Japan’s New Nuclear Deterrence Challenges: The Implications of Russia’s Nuclear Saber-Rattling and NATO’s Response
This essay examines the implications for the U.S.-Japan alliance of Russia’s nuclear saber-rattling in the wake of the Ukraine crisis and NATO’s response.
While not widely discussed in Japan’s foreign and security policy community, several aspects of Russian policy could have far-reaching implications for Japanese security. Russia’s nuclear saber-rattling is on the rise, and the role of nuclear weapons seems to be expanding in the country’s military strategy. Additionally, the relationship between NATO and Russia is increasingly contentious, and NATO’s nuclear message to Russia has been reinforced. For the purpose of maintaining and strengthening the deterrence and defense posture of the U.S.-Japan alliance, Tokyo cannot afford to be indifferent to those developments.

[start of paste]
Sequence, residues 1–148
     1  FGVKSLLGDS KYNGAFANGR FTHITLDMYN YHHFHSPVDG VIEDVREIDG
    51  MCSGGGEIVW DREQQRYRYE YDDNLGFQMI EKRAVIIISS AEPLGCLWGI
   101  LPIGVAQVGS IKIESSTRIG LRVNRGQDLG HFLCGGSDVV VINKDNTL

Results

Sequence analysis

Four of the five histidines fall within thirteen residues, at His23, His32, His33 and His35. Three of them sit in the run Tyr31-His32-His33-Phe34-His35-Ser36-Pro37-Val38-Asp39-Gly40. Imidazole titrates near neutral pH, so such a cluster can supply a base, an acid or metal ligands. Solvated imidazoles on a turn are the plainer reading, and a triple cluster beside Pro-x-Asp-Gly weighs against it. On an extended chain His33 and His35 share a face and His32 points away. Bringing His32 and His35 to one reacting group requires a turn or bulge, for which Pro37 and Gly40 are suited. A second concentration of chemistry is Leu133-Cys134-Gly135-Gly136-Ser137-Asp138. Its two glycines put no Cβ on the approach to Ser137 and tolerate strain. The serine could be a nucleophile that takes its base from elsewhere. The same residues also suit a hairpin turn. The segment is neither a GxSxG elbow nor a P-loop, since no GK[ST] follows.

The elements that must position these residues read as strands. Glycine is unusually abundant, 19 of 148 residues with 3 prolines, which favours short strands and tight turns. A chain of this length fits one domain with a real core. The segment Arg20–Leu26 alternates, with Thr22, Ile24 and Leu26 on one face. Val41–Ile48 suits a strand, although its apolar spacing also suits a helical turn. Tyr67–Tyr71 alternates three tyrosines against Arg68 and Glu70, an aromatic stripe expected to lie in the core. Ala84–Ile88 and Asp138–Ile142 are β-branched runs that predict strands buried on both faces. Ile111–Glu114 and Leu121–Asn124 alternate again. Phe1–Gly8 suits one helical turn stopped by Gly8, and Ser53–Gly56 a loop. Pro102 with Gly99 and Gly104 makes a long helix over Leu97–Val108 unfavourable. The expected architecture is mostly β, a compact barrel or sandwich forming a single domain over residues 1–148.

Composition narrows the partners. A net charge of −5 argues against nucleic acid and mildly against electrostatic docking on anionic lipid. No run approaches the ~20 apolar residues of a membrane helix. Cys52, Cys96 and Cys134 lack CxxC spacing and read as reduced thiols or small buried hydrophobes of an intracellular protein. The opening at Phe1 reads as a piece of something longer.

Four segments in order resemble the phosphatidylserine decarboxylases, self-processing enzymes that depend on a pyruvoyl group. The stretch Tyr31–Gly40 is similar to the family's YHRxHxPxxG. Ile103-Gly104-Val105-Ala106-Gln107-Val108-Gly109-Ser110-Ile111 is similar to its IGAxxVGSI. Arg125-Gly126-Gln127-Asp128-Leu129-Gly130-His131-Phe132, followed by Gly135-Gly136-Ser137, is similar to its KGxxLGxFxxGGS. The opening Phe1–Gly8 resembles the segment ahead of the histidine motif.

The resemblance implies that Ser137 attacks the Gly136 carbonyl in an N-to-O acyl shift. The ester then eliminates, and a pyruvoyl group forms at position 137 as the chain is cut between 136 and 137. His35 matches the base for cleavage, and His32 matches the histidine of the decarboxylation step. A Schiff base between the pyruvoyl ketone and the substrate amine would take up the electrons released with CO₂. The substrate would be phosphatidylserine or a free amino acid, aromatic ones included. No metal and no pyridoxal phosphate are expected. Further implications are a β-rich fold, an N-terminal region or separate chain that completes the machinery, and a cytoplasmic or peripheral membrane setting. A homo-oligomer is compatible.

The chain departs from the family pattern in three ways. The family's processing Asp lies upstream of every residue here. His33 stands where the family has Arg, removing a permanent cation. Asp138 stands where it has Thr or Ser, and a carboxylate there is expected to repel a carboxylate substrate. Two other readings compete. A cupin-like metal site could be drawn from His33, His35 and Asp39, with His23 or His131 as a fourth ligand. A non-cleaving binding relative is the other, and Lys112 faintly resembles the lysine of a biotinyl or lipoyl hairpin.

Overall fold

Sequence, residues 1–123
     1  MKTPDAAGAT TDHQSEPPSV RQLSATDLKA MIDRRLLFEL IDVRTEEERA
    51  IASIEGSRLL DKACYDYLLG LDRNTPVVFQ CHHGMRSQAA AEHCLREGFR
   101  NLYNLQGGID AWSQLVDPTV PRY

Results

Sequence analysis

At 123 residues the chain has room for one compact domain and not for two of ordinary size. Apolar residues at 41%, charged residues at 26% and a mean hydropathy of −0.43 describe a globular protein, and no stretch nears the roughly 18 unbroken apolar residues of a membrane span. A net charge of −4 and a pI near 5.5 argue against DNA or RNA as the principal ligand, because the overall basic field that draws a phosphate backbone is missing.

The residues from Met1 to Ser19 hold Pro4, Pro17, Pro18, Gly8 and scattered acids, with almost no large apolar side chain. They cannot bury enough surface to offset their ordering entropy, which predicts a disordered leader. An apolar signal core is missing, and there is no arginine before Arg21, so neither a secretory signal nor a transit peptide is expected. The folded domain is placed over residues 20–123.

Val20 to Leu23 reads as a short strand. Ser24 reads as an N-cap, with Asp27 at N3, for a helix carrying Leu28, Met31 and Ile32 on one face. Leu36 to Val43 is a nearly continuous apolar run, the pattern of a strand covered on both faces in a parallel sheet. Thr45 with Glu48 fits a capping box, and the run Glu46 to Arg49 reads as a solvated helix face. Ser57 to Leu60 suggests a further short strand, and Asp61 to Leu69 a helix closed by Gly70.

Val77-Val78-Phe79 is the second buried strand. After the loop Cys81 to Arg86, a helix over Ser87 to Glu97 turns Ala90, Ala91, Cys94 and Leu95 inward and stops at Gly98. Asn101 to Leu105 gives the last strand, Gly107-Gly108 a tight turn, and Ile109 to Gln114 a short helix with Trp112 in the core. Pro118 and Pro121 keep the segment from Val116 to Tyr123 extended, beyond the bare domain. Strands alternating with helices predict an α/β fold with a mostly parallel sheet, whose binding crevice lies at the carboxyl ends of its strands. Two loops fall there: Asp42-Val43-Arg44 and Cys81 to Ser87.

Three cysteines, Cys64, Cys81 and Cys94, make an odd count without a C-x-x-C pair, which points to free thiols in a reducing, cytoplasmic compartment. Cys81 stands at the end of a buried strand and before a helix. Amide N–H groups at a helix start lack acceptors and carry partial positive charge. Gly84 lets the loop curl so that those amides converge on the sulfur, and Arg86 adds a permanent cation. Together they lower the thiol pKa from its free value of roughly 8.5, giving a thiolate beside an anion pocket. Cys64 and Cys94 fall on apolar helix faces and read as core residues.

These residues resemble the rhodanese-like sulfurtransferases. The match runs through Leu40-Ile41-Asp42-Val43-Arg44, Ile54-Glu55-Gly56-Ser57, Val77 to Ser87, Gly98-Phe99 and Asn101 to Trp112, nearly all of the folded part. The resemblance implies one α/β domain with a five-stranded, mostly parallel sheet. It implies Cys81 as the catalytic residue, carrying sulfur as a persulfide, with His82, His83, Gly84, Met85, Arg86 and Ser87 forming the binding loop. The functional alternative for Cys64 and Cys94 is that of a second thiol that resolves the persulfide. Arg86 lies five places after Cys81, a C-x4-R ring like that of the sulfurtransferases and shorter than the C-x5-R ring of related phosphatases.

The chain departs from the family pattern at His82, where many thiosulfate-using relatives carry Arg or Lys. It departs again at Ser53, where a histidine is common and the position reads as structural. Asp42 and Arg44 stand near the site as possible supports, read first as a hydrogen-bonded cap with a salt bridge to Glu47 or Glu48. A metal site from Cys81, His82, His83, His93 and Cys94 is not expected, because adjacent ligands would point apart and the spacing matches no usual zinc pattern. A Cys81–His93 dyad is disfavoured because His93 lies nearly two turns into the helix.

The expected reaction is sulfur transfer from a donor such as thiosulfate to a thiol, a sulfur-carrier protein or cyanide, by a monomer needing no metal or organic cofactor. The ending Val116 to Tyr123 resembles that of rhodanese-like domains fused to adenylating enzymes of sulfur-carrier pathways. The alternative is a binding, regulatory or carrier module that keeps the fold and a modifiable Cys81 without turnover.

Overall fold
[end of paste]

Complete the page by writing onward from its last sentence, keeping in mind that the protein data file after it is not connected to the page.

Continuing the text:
In light of nuclear and ballistic missile threats from North Korea, as well as China’s assertiveness in the East and South China Seas, Tokyo needs to work with Washington to strengthen the deterrence posture of the U.S.-Japan alliance.
As long as Russia maintains its nuclear forces in the part of the country bordering Northeast Asia, Japan needs to thoroughly examine the impacts—both direct and indirect—of Russia’s nuclear saber-rattling, which has become intense in the wake of the Ukraine crisis.
The strengthened nuclear message to Russia from the NATO summit in Warsaw in July 2016 shows possible paths that the U.S.-Japan alliance could contemplate in terms of enhancing its own language on extended nuclear deterrence, despite the fact that the regional contexts in Europe and Asia are vastly different.
Michito Tsuruoka is an Associate Professor at Keio University.